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WisBusiness Tuesday Trends
September 19, 2006

By Brian E. Clark


Fair Indigo

Fair trade coffee. Now clothing. Madison-based Fair Indigo, the brainchild of former Lands' End executive and ecommerce guru Bill Bass, launched its online business on Monday. A retail store in Madison's Hilldale Mall is set to open Nov. 1.

Initial analyst reaction is good.

The company's motto is "Style With A Conscience." Fair Indigo's aim, according to a statement on its Web site, is to "pioneer a change in the apparel industry" by putting the people who make the clothes first.

To put workers first, a company spokeswoman said Fair Indigo has handpicked what it considers the best, most ethical factories around the globe and presented them with a new concept of paying workers a fair wage for making what it says are stylish and beautiful clothes.

See the WisBusiness story: http://www.wisbusiness.com/index.iml?Article=71849


Red Prairie

John Jazwiec, head of Waukesha-based Red Prairie Corp., says he doesn't want to move his company or family out of Wisconsin. But he is warning -- again -- that the state must drastically change its business climate to keep him.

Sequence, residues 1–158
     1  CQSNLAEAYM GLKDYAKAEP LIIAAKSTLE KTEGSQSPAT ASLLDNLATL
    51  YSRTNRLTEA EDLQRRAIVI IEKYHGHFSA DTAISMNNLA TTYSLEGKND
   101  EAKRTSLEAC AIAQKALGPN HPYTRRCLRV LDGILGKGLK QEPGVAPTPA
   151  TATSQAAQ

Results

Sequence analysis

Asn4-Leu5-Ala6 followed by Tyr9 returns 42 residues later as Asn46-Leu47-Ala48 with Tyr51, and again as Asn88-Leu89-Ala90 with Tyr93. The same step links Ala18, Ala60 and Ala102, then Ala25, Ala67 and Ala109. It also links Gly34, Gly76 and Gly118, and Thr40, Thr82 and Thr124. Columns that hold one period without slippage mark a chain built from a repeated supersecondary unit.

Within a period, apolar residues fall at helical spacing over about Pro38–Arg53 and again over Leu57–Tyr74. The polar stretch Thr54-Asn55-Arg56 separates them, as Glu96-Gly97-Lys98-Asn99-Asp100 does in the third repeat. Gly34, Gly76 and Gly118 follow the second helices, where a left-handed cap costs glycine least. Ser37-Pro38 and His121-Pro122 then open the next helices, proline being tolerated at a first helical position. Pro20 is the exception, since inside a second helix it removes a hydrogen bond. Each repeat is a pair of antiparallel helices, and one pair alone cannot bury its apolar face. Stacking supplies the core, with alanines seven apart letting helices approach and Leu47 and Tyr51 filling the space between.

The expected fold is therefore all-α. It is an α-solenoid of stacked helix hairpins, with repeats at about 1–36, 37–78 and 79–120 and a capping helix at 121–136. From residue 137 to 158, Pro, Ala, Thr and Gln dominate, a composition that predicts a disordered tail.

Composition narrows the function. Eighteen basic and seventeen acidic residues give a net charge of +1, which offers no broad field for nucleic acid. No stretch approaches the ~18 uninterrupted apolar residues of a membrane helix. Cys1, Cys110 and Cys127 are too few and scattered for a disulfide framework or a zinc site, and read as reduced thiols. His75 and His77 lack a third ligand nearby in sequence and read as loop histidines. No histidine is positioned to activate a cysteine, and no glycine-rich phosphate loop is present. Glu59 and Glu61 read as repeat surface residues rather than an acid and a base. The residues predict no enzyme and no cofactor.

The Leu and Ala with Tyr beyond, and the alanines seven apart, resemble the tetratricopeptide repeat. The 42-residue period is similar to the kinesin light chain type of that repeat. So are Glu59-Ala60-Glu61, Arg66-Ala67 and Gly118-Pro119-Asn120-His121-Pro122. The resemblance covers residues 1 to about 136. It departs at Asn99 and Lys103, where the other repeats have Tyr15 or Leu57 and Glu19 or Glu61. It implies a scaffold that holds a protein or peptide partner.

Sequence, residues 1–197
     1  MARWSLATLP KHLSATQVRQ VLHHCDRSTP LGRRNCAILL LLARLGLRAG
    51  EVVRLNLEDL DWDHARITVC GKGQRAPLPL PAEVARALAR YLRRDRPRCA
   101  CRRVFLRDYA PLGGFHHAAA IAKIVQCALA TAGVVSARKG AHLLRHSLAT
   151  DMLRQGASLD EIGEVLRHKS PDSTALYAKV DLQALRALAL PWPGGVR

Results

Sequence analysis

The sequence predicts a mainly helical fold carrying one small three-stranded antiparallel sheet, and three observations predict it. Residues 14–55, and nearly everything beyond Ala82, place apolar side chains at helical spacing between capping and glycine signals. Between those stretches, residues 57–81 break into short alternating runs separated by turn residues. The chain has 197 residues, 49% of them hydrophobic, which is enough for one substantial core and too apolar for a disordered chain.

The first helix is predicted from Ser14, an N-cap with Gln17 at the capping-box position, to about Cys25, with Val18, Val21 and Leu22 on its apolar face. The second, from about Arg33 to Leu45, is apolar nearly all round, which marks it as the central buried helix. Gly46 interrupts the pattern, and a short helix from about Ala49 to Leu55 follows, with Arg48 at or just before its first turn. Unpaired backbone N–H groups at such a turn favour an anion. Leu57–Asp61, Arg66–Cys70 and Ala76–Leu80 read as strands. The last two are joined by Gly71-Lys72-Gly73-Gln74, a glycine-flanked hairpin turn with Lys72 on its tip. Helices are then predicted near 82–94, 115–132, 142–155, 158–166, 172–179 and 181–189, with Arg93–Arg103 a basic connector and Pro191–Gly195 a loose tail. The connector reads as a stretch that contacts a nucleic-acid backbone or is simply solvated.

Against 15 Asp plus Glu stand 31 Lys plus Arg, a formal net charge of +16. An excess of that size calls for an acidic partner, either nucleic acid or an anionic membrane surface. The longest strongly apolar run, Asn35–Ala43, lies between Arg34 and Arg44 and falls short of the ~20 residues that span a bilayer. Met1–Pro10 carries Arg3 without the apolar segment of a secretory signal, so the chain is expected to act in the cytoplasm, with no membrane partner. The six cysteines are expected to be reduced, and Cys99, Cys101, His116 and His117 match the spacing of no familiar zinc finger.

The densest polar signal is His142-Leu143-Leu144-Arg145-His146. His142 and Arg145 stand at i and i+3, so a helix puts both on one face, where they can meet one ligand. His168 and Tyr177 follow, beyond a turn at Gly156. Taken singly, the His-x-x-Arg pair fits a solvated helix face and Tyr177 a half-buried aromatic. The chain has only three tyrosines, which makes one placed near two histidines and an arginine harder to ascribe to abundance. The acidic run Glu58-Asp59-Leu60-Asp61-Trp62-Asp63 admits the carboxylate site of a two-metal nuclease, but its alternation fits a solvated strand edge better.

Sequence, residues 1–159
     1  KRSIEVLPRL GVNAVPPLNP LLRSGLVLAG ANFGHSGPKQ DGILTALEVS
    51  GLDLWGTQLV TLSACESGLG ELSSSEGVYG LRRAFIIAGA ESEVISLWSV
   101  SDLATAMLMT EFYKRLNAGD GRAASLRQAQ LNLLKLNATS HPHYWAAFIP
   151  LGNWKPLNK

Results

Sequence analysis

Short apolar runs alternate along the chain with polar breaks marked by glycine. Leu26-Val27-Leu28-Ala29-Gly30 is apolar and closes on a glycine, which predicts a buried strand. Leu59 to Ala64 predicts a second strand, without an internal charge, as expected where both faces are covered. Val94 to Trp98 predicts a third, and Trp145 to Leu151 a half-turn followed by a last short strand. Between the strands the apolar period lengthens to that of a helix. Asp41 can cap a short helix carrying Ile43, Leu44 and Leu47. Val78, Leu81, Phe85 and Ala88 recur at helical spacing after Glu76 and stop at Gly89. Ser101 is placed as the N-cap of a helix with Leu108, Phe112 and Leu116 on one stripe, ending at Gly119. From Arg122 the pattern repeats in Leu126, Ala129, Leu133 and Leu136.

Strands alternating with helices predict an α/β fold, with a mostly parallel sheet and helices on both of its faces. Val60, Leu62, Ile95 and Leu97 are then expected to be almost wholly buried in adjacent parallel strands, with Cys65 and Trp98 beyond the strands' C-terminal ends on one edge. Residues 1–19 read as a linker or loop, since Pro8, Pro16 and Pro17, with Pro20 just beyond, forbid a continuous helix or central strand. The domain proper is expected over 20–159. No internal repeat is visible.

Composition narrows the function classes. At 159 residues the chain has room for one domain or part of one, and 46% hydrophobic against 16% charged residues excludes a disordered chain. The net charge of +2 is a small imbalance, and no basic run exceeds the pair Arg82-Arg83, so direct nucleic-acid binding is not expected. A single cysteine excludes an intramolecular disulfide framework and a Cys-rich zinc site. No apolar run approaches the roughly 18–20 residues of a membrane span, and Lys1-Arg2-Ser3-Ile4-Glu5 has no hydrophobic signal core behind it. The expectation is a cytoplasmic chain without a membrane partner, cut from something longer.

Jazwiec wants a 50 percent cut in state taxes, a phase-out social entitlement programs and elimination of handouts to companies to encourage them to stay in Wisconsin.

"We need to focus less on baseball teams that play in empty baseball fields and fake creative places like the Third Ward, which is greased by local politicians and people want to leave in a year," the outspoken businessman said.

Some critics, however, suggest he's simply looking for attention or maybe a handout and not really looking to improve a business climate that apparently is good enough to allow other tech businesses to thrive.


Dells business

Gas prices that lingered in the $3 range for much of the summer are being blamed for a slight drop in tourism at the Wisconsin Dells.

Tim Gantz, Noah's Ark Waterpark owner, said his visits were down by several percentage points. He said many day trippers from Madison and Milwaukee were no-shows.

Tom Diehl, who owns the Tommy Bartlett attractions, said many small motels on the Wisconsin Dells Parkway were hurt by high gas prices. For his business, the $3-plus cost of fuel trimmed revenues by as much as 6 percent.

Written exclusively for subscribers. Tuesday Trends is Copyright © 2006.


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